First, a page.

An RN to BSN program is an undergraduate degree program geared toward nurses who have already completed an associate degree and who would like to pursue a Bachelor of Science in Nursing. This bridge program offers nurses the ability to earn a BSN in as few as 12 months, which can then lead to a wider range of career opportunities as well as increased advancement and earning potential.
What Does the Curriculum Cover?
An RN to BSN program generally digs deeper into nursing theory and concepts, including healthcare information technology, leadership roles, research methodologies, advanced patient care, and global and community health initiatives.
Content may vary slightly by program, but the Nevada State College online RN to BSN program includes the following courses, each lasting seven weeks:
- Theory of Caring Science.
- Conceptual Bases of Nursing.
- Holistic Health Assessment.
- Nursing in the Global Environment.
- Bioethics and Health Informatics.
- Theory and Practice of Conscious Dying.
- Biostatistics for Nursing.
- Care of Aging Populations.
- Caring in Nursing Communities.
- Engaging in Leadership and Health Policy.
- Scholarly Inquiry of Nursing.
- Synthesis of Professional Nursing.
What Is the Value of a BSN?
BSN-prepared nurses may realize several benefits upon degree completion:
- Wider variety of employment options or nursing roles.
- Potential for earning a higher salary.
- Opportunity to pursue leadership or management positions requiring a BSN.
- Ability to move into research, training, or other roles besides direct patient care.
- Option to pursue a Master of Science in Nursing (MSN) or other graduate degree.
The value of a BSN degree may be related to the rising industry demand for baccalaureate-prepared nurses. According to a 2013 survey conducted by the American Association of Colleges of Nursing (AACN), nearly 44 percent of hospitals and other healthcare employers require new hires to have a bachelor’s degree, representing an almost five percent increase over 2012 data. In addition, more than three-quarters of employers express a strong preference for BSN-prepared graduates.
The recent increase in demand is not surprising considering that the push for higher levels of education began in 2010 following the release of The Future of Nursing report by the Institute of Medicine (IOM), now called the National Academy of Medicine (NAM). The report recommended that 80 percent of the nursing workforce should be BSN-prepared by 2020 in order to meet the healthcare needs of a rapidly aging and diverse population. Between the expansive Baby Boomer generation — estimated to account for approximately one-fifth of the population aged 65 and older by 2030 — and the growing number of complex health conditions that nurses may encounter, the IOM suggested that nurses obtain a BSN in order to have the skill set to effectively manage those healthcare challenges.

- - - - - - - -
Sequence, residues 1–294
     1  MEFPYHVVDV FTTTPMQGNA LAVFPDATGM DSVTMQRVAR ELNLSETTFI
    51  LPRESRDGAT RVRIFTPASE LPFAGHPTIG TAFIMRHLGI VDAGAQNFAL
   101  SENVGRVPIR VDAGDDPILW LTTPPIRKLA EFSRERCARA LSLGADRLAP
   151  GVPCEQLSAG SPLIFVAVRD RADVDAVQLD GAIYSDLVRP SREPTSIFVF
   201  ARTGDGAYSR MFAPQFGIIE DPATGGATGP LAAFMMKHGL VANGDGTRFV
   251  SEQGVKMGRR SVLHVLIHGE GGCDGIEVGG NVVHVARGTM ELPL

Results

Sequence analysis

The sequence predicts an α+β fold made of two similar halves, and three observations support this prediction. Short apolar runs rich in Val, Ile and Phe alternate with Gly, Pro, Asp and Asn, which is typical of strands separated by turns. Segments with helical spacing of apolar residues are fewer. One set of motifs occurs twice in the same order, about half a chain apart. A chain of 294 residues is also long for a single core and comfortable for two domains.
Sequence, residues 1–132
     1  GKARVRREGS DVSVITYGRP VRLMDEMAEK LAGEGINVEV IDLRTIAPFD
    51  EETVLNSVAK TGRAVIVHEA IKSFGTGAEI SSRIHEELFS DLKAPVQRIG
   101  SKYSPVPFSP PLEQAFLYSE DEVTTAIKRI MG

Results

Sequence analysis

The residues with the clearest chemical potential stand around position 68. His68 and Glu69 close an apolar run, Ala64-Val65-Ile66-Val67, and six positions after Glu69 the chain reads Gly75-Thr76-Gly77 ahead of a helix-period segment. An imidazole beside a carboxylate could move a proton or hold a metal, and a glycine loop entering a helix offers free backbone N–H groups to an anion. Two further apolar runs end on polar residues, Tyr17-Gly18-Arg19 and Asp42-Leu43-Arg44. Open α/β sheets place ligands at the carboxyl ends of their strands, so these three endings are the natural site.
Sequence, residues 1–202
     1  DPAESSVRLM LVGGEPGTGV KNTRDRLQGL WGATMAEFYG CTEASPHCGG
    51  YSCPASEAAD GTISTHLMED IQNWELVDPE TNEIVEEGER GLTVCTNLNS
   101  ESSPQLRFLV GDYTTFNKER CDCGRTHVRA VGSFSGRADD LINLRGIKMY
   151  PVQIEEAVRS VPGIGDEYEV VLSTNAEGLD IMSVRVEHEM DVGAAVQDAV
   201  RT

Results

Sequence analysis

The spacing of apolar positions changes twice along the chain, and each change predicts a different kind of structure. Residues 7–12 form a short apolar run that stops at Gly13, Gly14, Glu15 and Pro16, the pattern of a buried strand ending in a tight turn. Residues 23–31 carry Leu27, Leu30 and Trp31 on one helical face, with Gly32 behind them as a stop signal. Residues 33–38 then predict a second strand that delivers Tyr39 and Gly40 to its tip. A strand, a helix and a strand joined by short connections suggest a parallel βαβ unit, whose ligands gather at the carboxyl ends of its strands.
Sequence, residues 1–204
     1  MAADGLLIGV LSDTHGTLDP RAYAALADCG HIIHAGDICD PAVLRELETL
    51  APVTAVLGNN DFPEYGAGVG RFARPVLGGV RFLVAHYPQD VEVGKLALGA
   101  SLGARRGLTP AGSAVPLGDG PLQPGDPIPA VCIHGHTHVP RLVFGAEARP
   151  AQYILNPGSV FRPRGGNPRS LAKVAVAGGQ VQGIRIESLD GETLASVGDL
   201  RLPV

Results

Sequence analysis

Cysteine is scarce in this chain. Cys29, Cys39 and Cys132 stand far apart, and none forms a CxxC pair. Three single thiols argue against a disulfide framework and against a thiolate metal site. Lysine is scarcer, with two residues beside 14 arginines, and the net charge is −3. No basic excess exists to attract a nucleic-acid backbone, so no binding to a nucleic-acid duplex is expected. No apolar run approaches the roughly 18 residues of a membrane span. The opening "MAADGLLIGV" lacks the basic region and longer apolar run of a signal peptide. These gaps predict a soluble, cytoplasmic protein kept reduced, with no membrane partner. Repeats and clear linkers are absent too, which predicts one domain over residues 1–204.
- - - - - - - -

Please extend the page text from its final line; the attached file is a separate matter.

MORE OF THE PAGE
The report urged healthcare employers to encourage nurses with associate degrees to pursue BSN credentialing within five years of graduation and facilitate this pursuit by offering tuition reimbursement, career advancement opportunities, and higher salaries. According to PayScale data as of April 2017, the salary difference alone can be substantial. Nurses with associate degrees and one to four years of experience earn a median yearly wage of $60,649, while BSN-prepared nurses with similar experience earn $69,580.
Dr. Cecelia Fernan, an assistant professor in the online RN to BSN program at Nevada State College, sums up the value of a BSN nicely: “A BSN degree is proven to enhance the knowledge and competencies of nurses to be better prepared for the challenges of 21st century nursing. Baccalaureate-prepared nurses are well-equipped to be critical thinkers, nurse leaders, healthcare innovators, and advanced-practice nurses.”
With the majority of employers strongly preferring BSN-prepared candidates, an RN to BSN program is ideal for nurses seeking to further their education and careers. Nurses completing such a program may have more diverse career advancement opportunities available to them, including leadership, management, and research roles as well as the potential for higher lifetime earnings. The degree may lead to even greater career stepping stones as it positions nurses to be able to pursue graduate or advanced nursing studies in the future.
Learn more about the Nevada State online RN to BSN program.
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